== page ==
People of all ages love puzzles. Whether it’s a “fit the right block into the right hole” puzzle or a complex level mechanical puzzle, there’s something immensely satisfying about solving them. What you may not know is that puzzles aren’t just fun—they’re very beneficial for childhood development. And they aren’t just beneficial in one or two ways. Puzzles provide children with important mental, emotional, and physical challenges that can truly enhance their overall development. Here are some of their benefits.
Hand-eye coordination and motor skills require practice to develop, and puzzling can provide children with an entertaining way to practice.
Effectively using our brains to direct our hands to do what we want was a vital part of human evolution, and this skill today remains one of the most important when it comes to success. Most puzzles help children strengthen the connection between what they see, what they want to do, and being able to successfully achieve it.
Puzzles exercise both fine and gross motor skill development. Moving small pieces into alignment, pressing the right buttons with accuracy and precision, etc. can help with fine motor skills. Simpler, stacking puzzles for younger children can be extremely helpful for coordinating their gross motor skills.
Puzzles certainly help to encourage children to develop important cognitive skills.
Color and Shape Recognition
Color and shape recognition for example, are practiced with tangram puzzles, as well as many other types of puzzles. Learning to identify the correct piece that will fit perfectly with the colors and negative space of another piece is a fantastic way to encourage this practice in a fun way.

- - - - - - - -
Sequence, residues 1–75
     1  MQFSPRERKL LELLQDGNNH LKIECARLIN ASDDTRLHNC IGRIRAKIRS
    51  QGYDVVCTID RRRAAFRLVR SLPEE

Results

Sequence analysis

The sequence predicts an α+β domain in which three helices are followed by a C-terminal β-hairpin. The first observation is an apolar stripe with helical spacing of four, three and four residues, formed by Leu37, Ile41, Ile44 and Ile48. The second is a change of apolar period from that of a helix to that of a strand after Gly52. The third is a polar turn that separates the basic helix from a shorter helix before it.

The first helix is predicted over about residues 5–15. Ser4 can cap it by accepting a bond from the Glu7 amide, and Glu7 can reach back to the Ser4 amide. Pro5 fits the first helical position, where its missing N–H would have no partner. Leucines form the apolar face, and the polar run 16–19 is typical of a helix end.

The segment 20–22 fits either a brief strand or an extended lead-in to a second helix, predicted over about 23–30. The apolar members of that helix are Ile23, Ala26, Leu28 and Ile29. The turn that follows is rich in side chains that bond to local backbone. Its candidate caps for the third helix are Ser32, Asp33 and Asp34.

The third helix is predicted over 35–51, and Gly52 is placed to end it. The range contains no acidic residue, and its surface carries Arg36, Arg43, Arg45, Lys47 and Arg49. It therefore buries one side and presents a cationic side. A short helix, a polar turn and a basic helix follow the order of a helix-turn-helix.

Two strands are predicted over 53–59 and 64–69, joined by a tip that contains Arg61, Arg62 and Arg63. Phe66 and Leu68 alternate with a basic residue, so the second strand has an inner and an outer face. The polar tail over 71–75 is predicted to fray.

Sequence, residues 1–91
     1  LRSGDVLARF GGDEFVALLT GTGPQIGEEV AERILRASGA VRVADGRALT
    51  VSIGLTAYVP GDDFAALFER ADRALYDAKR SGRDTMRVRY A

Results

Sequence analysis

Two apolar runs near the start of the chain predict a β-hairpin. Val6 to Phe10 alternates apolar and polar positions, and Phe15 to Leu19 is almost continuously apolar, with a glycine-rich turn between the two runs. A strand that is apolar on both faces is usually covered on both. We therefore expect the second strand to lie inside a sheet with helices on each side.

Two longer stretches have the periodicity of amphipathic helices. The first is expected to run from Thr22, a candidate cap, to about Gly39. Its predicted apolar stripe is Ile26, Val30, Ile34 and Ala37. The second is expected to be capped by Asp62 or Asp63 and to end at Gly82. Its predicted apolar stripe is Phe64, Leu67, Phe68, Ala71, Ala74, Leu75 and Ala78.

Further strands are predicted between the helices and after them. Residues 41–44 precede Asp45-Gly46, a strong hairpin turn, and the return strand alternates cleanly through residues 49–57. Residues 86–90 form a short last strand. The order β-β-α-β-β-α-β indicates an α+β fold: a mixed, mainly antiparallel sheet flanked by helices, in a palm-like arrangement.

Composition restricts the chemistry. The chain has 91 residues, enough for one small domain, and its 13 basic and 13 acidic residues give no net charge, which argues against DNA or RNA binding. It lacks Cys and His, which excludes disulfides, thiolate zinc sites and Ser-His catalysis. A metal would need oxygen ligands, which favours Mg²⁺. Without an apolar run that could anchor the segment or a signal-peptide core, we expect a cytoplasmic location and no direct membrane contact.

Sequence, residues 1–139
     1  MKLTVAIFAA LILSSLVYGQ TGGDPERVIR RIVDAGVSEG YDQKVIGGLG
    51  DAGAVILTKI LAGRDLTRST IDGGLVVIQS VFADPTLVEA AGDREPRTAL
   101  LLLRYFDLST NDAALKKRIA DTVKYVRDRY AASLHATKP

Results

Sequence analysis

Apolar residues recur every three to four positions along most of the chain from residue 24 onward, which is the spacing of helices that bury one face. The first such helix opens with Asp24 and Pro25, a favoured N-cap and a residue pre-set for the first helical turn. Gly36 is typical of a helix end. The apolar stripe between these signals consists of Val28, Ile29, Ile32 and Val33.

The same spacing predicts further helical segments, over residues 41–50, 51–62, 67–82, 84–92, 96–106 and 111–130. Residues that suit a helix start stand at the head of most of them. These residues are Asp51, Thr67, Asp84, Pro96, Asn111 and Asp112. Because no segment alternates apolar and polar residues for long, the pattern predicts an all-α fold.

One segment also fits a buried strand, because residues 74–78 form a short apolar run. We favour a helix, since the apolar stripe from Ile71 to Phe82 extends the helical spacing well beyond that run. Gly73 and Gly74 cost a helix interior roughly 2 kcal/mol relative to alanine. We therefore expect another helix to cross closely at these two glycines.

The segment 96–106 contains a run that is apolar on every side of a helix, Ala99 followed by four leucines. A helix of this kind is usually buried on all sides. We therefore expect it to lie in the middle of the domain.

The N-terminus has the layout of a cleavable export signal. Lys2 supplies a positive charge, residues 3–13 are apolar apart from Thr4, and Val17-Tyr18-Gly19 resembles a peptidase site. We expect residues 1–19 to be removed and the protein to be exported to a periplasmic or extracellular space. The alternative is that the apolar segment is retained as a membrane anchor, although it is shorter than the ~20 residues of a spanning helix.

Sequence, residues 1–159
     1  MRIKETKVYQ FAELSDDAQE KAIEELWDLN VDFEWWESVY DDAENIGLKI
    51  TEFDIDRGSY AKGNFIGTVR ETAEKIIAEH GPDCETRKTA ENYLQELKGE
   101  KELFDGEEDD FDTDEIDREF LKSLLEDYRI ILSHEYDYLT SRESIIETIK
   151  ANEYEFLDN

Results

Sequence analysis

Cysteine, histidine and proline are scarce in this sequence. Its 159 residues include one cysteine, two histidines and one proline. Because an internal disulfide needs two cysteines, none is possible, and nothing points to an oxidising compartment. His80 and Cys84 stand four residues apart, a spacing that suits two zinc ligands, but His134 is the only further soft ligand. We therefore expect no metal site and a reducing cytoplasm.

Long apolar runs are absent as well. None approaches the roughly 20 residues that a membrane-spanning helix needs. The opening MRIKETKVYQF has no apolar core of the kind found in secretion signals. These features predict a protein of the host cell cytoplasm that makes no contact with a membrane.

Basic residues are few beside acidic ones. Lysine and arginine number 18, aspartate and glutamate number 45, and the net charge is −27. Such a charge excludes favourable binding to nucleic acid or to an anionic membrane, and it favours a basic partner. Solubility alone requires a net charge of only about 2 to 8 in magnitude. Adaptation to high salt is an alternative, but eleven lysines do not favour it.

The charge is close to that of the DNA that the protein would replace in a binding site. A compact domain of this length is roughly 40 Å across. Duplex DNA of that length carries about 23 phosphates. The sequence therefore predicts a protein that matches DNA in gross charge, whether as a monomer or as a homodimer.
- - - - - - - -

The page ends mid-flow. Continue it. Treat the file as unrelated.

The very nature of puzzles is that they present a problem to be solved. First, the child must examine the “problem” and understand it. Then, they test out different solutions. This is a skill that carries over into nearly every other facet of life, well into adulthood.
Many puzzles require the puzzler to apply their ability to memorize what they’ve seen in order to progress. Memory is another skill that develops with practice.
The physical and mental skill development we see from puzzling may seem more tangible, but puzzles also promote emotional development.
There are many fun and entertaining toys that help children with other skills, but few are as effective as puzzles when it comes to promoting the feeling of accomplishment and confidence in one’s abilities. For a small child, this is a very important step to gaining agency, and the desire to achieve.
Patience and Persistence
Unlike some other games, there’s no “brute forcing” a puzzle. Indeed, many are designed to take a long time to complete successfully. This teaches children that there is more to fun and success than instant gratification.
As an adult, setting goals may seem like second nature, but children need practice. A puzzle has a “goal” built in to help children understand this concept.